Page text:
May Tennis Diary 2018

Editorin Tennis
Expected weather for this month:

It should be a pretty average May: part-dry, part-rain, and mid-teen temperatures.

Key Tasks for May

Most of your aeration operations should have been completed during the winter period. Generally, we do not aerate clay soil profiles after January, as we do not want to encourage cracking of the clay surfaces. However, if there is a need to help remove surface water from the courts, we can utilise the sarrel roller which lightly aerates the top 25-30mm, allowing any surface water to drain down deeper into the soil profile. Carry out the following regular tasks:
  • Continue to roll the courts
  • Fortnightly light scarification or verticutting
  • Seed sparse or bare areas

Rolling. It is essential to carry out an effective rolling programme in April. Continue to roll the courts, firstly across the line of play, followed by rolling down the length of play. Timing of this operation is vitally important. Trying to roll when soil conditions are wet or too dry will not achieve the desired effect.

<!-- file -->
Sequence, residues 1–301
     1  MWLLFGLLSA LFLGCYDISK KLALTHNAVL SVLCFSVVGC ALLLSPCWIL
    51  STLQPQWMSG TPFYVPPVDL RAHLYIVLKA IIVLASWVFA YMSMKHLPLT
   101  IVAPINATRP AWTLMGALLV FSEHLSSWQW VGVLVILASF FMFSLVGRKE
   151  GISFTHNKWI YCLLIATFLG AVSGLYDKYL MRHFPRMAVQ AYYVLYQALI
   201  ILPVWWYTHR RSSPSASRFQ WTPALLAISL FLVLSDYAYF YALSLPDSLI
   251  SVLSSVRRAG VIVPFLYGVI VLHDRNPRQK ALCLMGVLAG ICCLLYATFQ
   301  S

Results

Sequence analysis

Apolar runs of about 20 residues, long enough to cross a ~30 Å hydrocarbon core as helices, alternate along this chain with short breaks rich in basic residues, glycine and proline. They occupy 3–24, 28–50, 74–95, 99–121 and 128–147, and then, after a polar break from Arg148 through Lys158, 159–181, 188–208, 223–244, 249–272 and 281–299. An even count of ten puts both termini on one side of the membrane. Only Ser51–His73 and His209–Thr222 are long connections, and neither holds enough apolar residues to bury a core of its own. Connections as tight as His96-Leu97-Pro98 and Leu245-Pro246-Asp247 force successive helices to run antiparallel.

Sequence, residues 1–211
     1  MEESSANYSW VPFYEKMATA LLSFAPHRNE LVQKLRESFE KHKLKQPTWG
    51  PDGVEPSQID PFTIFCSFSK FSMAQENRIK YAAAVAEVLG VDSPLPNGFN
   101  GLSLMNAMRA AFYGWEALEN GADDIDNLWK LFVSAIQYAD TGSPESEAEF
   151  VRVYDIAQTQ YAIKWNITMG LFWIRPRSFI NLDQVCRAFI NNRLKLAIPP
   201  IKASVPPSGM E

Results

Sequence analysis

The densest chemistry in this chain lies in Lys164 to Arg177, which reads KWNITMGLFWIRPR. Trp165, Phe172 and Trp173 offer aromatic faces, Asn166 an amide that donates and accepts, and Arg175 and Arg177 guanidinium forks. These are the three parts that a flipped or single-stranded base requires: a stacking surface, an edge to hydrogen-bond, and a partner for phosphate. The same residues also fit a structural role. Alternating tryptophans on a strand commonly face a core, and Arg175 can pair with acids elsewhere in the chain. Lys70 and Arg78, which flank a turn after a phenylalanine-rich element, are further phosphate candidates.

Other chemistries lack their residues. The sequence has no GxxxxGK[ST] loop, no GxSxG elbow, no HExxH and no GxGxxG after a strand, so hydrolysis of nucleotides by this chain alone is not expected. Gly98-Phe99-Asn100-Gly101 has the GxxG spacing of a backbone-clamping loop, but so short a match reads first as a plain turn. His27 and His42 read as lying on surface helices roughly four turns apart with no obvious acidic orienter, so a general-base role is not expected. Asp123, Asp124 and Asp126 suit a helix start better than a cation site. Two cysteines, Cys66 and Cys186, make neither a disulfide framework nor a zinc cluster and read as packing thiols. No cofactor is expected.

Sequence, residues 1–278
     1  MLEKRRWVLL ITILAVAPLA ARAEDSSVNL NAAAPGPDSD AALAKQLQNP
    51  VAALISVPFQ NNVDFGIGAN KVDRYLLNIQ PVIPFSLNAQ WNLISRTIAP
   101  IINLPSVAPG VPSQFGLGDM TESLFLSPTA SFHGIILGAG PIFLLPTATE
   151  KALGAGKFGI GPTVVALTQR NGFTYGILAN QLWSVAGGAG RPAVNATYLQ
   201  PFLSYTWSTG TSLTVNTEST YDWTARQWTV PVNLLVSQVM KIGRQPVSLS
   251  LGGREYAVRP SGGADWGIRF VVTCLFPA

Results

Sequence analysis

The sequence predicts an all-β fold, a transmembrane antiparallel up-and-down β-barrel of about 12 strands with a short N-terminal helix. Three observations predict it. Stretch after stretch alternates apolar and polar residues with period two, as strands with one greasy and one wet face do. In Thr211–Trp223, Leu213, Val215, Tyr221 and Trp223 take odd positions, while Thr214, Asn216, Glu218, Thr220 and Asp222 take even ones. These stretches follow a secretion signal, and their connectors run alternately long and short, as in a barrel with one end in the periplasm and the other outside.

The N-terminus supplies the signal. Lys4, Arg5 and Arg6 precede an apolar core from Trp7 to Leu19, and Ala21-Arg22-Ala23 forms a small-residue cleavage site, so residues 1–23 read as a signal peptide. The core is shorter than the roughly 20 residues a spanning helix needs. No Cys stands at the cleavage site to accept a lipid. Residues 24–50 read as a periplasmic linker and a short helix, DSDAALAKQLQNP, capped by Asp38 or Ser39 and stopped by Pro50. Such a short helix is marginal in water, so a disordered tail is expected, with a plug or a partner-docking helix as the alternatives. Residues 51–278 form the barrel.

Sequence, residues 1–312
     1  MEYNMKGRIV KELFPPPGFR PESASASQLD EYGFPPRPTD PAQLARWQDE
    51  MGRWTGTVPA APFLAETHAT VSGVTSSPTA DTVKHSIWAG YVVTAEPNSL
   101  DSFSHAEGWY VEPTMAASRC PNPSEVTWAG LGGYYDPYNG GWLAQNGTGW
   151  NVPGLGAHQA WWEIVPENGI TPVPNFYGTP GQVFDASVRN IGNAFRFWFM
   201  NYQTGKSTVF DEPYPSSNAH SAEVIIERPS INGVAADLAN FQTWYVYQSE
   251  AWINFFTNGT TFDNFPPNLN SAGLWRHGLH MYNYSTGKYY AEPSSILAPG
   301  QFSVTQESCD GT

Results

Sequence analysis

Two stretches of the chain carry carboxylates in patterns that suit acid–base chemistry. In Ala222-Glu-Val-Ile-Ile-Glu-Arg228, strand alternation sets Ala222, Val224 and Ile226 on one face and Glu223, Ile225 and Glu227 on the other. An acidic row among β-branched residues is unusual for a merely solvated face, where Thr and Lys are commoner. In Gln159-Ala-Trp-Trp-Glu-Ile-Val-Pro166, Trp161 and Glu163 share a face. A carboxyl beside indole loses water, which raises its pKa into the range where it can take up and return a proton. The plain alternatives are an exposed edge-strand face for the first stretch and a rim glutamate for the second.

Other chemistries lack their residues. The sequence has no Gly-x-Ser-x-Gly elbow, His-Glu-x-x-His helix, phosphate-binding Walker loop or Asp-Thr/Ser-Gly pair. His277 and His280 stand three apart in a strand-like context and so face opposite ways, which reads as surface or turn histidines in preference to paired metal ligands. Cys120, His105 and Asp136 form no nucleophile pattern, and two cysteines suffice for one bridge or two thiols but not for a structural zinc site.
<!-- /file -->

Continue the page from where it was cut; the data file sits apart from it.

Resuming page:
Mowing. The mowing height on the courts should be lowered to around 8-10mm for the playing season, but remember not to remove more than 1/3 of total grass height in each cut.

Light scarification or verticutting can be carried out at fortnightly intervals pre-season. Removing horizontally growing grasses and surface organic matter are always beneficial for the onset of court preparation which, together with brushing, will improve the quality of cut.

It has been a challenging spring for everyone in the turf industry. With weather patterns causing prolonged periods of cold temperatures which have restricted growth. Unseasonably warm period at the end of April encouraged much needed winter recovery growth across the country which helped with the start of summer sporting seasons, some of which had been delayed a week or two.


The long range forecast for May is rather more typical with indications of temperatures around average for the time of year and projections of warmer and drier spells towards the end of the month. However the old English proverb of 'Ne'er cast a clout till May be out' should be kept in mind as colder and wetter spells with low nighttime temperatures are likely to crop up.


As a result it is likely we will experience peaks and troughs in growth and consideration towards the timing of inputs for maximum uptake and effect when soil temperatures and moisture are suitable will produce the best results.